The Department of Veterans Affairs submitted to the Federal Register an interim final rule on September 1, 2022, that will allow VA to provide access to abortion counseling and — in certain cases — abortions to pregnant Veterans and VA beneficiaries. Specifically, VA will provide access to abortions when the life or health of the pregnant Veteran would be endangered if the pregnancy were carried to term, or when the pregnancy is the result of rape or incest. VA beneficiaries enrolled in CHAMPVA will also have access to this care.
These services will be authorized immediately after the interim final rule is published, and the rule will be available for public comment for 30 days thereafter. Once the rule is published, VA will immediately prepare to provide these services in as many locations as possible. “This is a patient safety decision,” said Denis McDonough, Secretary of Veterans Affairs. “Pregnant Veterans and VA beneficiaries deserve to have access to world-class reproductive care when they need it most. That’s what our nation owes them, and that’s what we at VA will deliver.”
“VA will be able to offer abortion counseling and abortions to pregnant Veterans and VA beneficiaries in cases of rape, incest, or when the life or health of the Veteran would be endangered if the pregnancy were carried to term — in accordance with generally accepted standards of medical practice,” said Dr. Shereef Elnahal, VA’s Under Secretary for Health. “We came to this decision after listening to VA health care providers and Veterans across the country, who sounded the alarm that abortion restrictions are creating a medical emergency for those we serve. Offering this care will save Veterans’ health and lives, and there is nothing more important than that.”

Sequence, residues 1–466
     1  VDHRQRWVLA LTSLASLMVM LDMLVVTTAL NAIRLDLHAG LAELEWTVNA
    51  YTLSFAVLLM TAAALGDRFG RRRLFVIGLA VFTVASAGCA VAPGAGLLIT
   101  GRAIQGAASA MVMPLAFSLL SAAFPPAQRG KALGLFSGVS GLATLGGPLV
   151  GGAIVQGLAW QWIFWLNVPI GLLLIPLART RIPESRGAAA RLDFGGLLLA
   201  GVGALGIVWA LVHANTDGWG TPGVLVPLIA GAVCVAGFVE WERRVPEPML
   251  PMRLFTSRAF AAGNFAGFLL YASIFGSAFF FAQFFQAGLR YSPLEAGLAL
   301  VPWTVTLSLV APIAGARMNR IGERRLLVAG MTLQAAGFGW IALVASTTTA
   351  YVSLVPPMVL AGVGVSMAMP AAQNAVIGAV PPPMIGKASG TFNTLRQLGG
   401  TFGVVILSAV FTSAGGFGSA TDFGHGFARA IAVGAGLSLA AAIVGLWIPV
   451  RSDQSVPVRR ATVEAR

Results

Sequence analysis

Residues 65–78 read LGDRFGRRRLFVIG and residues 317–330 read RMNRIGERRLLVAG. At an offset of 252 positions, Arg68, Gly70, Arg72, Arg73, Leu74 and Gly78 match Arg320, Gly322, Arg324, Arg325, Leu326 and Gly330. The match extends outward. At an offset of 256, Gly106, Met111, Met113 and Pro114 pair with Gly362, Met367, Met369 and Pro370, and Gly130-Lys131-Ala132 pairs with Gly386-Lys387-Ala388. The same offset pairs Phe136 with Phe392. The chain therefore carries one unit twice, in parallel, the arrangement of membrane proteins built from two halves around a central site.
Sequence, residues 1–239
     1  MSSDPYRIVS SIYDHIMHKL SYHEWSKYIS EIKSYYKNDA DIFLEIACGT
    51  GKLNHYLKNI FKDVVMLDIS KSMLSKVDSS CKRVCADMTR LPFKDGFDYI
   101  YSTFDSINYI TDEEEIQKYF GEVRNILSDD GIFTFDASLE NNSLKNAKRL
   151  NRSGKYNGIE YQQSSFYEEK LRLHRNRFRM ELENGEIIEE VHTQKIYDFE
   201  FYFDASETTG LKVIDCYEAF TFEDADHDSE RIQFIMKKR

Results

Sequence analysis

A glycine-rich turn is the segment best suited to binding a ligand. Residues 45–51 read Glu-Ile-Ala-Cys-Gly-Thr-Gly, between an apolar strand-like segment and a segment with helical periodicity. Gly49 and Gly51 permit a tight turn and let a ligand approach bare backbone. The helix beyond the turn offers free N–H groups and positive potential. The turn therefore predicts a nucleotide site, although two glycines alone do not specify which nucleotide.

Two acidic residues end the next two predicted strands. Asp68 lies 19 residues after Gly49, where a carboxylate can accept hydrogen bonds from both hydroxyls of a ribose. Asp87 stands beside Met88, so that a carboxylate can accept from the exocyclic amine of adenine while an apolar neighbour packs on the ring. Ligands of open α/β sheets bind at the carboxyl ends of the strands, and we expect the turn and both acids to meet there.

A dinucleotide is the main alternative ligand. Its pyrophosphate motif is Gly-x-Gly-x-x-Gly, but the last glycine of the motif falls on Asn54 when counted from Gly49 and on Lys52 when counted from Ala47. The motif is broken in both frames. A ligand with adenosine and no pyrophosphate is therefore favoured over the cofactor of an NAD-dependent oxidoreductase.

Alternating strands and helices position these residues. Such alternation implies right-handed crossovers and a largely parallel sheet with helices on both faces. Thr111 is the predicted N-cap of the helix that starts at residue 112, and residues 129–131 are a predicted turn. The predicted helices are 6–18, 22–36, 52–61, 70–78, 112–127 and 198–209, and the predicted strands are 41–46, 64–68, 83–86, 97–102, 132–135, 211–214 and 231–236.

“Access to medically necessary abortions is essential for preserving the life and health of Veterans and VA beneficiaries. Restricting access to abortion care has well-documented adverse health consequences, including increased risk of loss of future fertility, significant morbidity, or death,” Elnahal continued “Veterans are also at greater risk of experiencing pregnancy-related complications due to increased rates of chronic health conditions. Therefore, to protect the life and health of pregnant Veterans and eligible beneficiaries, VA determined that it was necessary to provide access to abortion counseling and — in some cases — abortions.”
The determination of whether the “life and health of the pregnant Veteran would be endangered if the pregnancy were carried to term” will reportedly be made on a case-by-case basis and will be the result of careful consultation between VA health care providers and the Veterans they serve. In cases of rape or incest, self-reporting from a Veteran or VA beneficiary will constitute sufficient evidence that an act of rape or incest occurred.
VA notes that it is taking steps to guarantee Veterans and other VA beneficiaries abortion-related care anywhere in the country. VA employees, when working within the scope of their federal employment, may provide authorized services regardless of state restrictions.
VA states it will also continue to provide access to a full range of reproductive health services, including fertility services, contraceptives including emergency contraceptives, life-saving treatment related to pregnancy, and much more. For information about all reproductive health services at VA, visit VA.gov/ReproductiveHealth.
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